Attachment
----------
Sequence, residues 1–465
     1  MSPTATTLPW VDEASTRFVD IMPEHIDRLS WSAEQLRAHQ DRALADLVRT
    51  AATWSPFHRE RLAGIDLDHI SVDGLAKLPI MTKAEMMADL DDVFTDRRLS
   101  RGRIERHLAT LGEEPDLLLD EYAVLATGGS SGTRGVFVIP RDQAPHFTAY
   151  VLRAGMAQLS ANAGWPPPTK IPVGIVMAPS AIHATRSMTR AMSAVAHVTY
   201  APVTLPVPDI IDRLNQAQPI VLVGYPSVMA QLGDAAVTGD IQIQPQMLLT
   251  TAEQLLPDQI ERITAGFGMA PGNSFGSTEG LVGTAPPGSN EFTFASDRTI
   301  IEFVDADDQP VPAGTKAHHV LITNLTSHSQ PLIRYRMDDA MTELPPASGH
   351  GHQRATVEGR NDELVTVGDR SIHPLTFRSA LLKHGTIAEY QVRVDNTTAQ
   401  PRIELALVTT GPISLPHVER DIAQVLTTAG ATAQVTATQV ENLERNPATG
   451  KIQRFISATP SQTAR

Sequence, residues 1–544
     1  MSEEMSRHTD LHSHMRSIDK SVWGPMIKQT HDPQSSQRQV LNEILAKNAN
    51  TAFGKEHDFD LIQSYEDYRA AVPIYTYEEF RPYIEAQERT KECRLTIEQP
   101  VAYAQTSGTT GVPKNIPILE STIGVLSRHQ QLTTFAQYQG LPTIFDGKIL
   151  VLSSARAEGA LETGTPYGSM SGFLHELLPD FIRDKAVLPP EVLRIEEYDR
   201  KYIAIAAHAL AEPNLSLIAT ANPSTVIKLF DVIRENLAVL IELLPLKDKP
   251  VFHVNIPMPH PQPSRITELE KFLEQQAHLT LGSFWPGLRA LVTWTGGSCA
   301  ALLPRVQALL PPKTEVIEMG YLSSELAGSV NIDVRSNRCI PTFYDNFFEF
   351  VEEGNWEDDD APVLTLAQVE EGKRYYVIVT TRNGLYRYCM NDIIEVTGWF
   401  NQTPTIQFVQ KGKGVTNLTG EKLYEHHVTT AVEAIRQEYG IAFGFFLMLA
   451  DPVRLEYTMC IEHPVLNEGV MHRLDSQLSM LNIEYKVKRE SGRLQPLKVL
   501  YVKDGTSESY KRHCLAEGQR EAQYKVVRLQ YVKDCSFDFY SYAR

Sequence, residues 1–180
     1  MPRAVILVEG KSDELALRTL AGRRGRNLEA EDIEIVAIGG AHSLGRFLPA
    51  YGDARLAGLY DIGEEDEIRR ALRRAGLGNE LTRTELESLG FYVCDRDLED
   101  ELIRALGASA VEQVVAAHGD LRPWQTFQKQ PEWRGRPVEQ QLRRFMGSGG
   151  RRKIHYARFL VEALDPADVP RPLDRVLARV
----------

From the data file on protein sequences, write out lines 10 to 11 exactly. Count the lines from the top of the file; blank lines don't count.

   401  PRIELALVTT GPISLPHVER DIAQVLTTAG ATAQVTATQV ENLERNPATG
   451  KIQRFISATP SQTAR